Fields’s father, who died in an auto accident shortly before Fields was born, suffered from bipolar disorder, Murrie said. He said both of Fields’s grandfathers, one of whom committed a murder-suicide, also were afflicted with the disorder.

Fields’s mother, paralyzed in a separate car crash, struggled to control her young son, often in vain, Murrie testified.

He said that Fields was “expelled from preschool” because of volatile behavior and that the problems continued through grade school and beyond. In addition to being diagnosed with bipolar disorder when he was 6, Fields displayed “autism-like symptoms” and was slowed by learning disabilities, Murrie said. By age 14, when he was diagnosed with “schizoid personality disorder,” Fields was taking a regimen of antipsychotic medications, he said.

“Those diagnoses are almost never given to kids,” Murrie said. “It’s very unusual.”

Physical and emotional scars

Before Murrie testified, three injured survivors described their physical and emotional wounds in harrowing detail to the seven women and five men of the jury.

“I’m going to try to explain it,” said a woman who has been identified in court only as Lisa Q. She suffered numerous shattered bones, crippling nerve damage and other injuries from which she has not recovered. “But there’s no way for anyone who wasn’t there to understand it,” she said. “It’s weird to tell your body to do something you’re used to doing and get no response at all.”

After recounting her 16 months of psychological unrest and painful physical therapy, she told the jury, “Today I can come close to making a fist.”

Jeanne Peterson arrived at the witness stand in a wheelchair after five surgeries on her crushed legs. She will undergo a sixth operation next year. Peterson was a friend of Heyer and saw her propelled into the air by Fields’s car.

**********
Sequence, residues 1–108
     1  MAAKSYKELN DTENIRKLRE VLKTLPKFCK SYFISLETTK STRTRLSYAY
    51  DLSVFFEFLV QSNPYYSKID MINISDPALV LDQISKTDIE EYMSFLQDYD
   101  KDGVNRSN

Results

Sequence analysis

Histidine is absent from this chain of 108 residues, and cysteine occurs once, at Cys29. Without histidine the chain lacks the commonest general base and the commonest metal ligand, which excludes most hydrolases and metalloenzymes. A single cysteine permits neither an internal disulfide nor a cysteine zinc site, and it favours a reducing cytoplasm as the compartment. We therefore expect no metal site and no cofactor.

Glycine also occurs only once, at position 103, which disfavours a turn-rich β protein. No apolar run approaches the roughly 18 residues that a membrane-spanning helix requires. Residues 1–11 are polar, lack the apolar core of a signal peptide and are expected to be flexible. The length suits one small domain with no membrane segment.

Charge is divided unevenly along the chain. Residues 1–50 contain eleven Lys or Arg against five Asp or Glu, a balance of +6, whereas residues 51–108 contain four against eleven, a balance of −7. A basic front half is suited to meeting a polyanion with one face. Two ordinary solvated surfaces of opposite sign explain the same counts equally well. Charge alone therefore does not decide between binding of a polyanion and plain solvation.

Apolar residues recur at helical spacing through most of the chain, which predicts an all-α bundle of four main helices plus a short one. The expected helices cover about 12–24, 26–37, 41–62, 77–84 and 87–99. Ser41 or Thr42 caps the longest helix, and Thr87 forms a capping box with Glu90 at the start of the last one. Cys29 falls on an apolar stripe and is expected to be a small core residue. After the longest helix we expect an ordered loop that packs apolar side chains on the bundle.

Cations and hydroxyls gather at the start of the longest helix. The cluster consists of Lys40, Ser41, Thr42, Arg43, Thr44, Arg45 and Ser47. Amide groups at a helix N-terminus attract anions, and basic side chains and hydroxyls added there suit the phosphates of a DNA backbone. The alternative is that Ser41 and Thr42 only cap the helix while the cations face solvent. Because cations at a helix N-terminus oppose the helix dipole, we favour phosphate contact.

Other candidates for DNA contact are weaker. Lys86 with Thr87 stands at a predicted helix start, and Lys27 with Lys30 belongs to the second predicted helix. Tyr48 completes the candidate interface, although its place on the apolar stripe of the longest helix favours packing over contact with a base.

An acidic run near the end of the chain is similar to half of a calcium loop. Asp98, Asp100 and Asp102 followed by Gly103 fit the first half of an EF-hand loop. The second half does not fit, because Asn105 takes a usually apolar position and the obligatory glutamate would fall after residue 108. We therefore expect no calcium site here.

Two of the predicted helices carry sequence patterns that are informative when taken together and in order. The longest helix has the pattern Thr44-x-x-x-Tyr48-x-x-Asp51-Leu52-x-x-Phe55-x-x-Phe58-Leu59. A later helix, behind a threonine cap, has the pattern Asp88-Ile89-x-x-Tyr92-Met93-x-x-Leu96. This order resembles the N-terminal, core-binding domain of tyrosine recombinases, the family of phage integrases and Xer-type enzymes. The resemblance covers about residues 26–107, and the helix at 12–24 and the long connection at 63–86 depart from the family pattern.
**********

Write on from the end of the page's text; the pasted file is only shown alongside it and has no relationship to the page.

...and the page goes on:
“I will never forget the look in her eye,” said Peterson, who told the jury that she struggles with post-traumatic stress disorder “from witnessing a murder and surviving a terrorist attack.” She added, “I would go through this a million times over if I could take away the pain this has caused the people I love,” including her ­7-year-old son, who “wrestles with questions I can’t answer.”

Another woman, Wednesday Bowie, whose pelvis was broken in six places, told the jury: “I am not the person I was before August 12th. I will never be that person again.” And she said, “Please know that the world is not a safe place with Mr. Fields in it.”

Then Bro took the witness stand.

She said that when her daughter was hit by Fields’s speeding Dodge, the impact severed Heyer’s aorta and left her “skin and blood on the windshield of that car.” Her thighs were shattered, among other injuries, and “she bled out internally in just a few seconds,” she said.

Bro noted that she has been unable to return to work since Aug. 12, 2017.

“I can’t concentrate anymore,” she said. “Some days I can’t do anything but sit and cry.”